Blogging: The fine art of the confessional

11 06 2011

For most of us, the idea of sharing the intimacies
of our life with a stranger would be anathema.
Yet confessional bloggers feel compelled to reveal
everything to everyone. Why do they do it?

And what are the private costs of living a life so publicly?
Plus, three bloggers explain their passion for posting

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Priceless responses by open-minded, liberal-thinking women

26 02 2010
  1. “Leave her for a few days at a time.” On breaking up with pull-all-stops partner.
  2. “Meet and talk to her.” Aka – Don’t worry about your feelings, just think of her demands.
  3. “It’s easy for her because she was the one who left.”  Walking out of home and living out of a suitcase is good training for nirvana.
  4. “You told too many people.” On confiding in mutual friends after partner told all and sundry.
  5. “You must also take responsibility.” For a violent end to a long-term relationship.
  6. “No proper handing over of duties.” On stopping volunteer work under no-way-can-you-go-there circumstances.
  7. “You chose to leave, so it’s not your house anymore.” On leaving home after a violent incident with no option of going back.
  8. “She can’t advise you because she is straight”. So she doesn’t know what happens when people are in relationships?
  9. “People will talk if you’re seen around with X.” Two months after the end of the relationship.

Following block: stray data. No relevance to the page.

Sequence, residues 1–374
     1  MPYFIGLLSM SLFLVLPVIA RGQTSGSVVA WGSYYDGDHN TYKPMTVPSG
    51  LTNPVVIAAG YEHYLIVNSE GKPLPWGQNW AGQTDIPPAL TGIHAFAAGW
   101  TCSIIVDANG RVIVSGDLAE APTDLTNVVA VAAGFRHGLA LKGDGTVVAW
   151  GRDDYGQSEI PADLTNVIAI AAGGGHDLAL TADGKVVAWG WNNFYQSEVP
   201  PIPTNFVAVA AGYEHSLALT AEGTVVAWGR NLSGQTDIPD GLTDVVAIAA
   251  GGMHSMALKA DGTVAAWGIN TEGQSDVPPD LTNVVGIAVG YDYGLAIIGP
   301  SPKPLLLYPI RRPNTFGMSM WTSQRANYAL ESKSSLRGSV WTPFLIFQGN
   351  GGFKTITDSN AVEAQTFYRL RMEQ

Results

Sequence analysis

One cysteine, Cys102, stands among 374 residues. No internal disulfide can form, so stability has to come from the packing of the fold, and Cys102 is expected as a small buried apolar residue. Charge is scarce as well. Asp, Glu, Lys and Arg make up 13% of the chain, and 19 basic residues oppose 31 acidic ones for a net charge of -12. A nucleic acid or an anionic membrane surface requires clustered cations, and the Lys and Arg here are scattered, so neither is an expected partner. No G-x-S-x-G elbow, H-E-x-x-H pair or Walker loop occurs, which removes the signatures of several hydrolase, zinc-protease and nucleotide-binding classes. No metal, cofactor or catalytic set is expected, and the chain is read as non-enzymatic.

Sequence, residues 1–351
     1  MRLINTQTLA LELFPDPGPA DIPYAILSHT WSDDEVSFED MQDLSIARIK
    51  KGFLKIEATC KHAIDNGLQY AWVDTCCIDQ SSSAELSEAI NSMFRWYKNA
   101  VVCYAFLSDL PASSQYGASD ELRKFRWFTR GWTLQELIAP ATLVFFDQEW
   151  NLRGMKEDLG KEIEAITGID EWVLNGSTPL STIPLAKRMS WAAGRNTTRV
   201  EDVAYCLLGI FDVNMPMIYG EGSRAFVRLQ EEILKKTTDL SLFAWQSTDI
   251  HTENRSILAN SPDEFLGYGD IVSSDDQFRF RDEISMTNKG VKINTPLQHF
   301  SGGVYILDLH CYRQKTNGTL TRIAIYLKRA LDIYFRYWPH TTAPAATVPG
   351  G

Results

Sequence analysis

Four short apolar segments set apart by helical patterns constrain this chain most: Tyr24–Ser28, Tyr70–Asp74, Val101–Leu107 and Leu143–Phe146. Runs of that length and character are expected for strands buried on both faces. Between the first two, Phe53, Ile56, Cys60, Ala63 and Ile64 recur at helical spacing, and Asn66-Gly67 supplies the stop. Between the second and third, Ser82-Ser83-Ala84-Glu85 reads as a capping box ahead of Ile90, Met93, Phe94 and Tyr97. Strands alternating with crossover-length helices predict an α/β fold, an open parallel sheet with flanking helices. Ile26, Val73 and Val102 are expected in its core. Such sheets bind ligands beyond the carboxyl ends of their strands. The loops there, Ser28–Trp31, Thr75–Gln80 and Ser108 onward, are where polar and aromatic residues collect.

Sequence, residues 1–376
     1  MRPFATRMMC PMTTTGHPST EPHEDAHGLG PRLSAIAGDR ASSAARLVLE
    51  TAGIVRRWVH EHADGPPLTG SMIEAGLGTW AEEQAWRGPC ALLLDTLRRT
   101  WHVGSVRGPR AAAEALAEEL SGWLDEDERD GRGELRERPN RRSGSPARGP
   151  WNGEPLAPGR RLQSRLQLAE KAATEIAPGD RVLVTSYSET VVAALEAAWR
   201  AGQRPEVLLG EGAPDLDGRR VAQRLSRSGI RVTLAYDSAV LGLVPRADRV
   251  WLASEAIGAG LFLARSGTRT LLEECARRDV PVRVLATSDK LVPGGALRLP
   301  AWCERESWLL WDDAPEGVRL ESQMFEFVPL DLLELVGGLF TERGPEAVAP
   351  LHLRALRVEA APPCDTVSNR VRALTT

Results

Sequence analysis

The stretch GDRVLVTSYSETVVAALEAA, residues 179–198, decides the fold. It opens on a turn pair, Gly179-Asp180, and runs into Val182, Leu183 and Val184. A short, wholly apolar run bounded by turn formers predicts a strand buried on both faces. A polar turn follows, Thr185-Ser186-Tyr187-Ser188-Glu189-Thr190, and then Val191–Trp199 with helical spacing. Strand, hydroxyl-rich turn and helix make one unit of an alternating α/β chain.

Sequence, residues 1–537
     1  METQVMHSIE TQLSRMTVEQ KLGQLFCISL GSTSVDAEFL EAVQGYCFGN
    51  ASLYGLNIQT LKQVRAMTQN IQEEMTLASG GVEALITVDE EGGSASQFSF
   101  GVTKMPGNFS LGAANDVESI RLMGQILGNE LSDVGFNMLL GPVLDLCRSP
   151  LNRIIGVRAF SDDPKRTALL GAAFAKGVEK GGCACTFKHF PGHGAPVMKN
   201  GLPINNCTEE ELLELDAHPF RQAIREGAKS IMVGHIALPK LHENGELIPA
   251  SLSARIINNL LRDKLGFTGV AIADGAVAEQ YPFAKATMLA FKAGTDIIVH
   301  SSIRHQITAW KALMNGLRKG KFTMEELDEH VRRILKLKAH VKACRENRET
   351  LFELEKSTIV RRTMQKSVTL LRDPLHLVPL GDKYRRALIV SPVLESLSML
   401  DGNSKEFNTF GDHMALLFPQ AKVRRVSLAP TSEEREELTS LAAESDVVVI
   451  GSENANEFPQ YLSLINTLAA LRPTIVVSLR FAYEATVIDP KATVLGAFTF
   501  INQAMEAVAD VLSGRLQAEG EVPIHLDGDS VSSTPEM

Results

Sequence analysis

And of course, the best:

10. “Prove you’re not committing adultery”. To  reassure suspicious partner who sneak-peeks into text and mail.





If you love somebody…

18 10 2009

“If you want to keep something precious

You got to lock it up and throw away the key

If you want to hold onto your possession

Don’t even think about me…”

“If you love somebody, set them free”

Sting  (Dream of the blue turtles 1985)

You’ve heard the rest of the track. And you certainly know the end of that quote.

I believe in freedom, independence and giving people the power to choose. I also understand that freedom, independence and the power to choose are all huge concepts and in practice they are necessarily limited by numerous factors – colour, race, religion, income, social rank, geography, environment, genes and personal history. But I still believe that there is a gap between the degree of freedom each of us could have and what we actually dare to embrace. And maybe more importantly – a very clear limit on how much freedom we are willing to give other people in our lives.

By freedom I mean personal space, physical space, an absence of suspicion, jealousy, insecurity and all the anxious and controlling behaviors that seem so common in love relationships. People often seem to require constant attention, interaction and incessant reassuring communication while demanding conformity to accepted norms of behavior. We have a need to change the other person ‘to fit’. Even worse, the absence of this sort of possessive control in one person is often perceived as lack of care by the other.

There are clear boundary lines drawn on every interaction, acceptable opinions, fashion, eating habits and life style. And so partners in both gay and straight relationships often seem to end up with identical political views, religious convictions and sense of humor. Is it why they are together in the first place? Is it just more convenient that way? Or did it all come on over time…as part of that relentless melting of one personality into another that inevitably takes place in most relationships?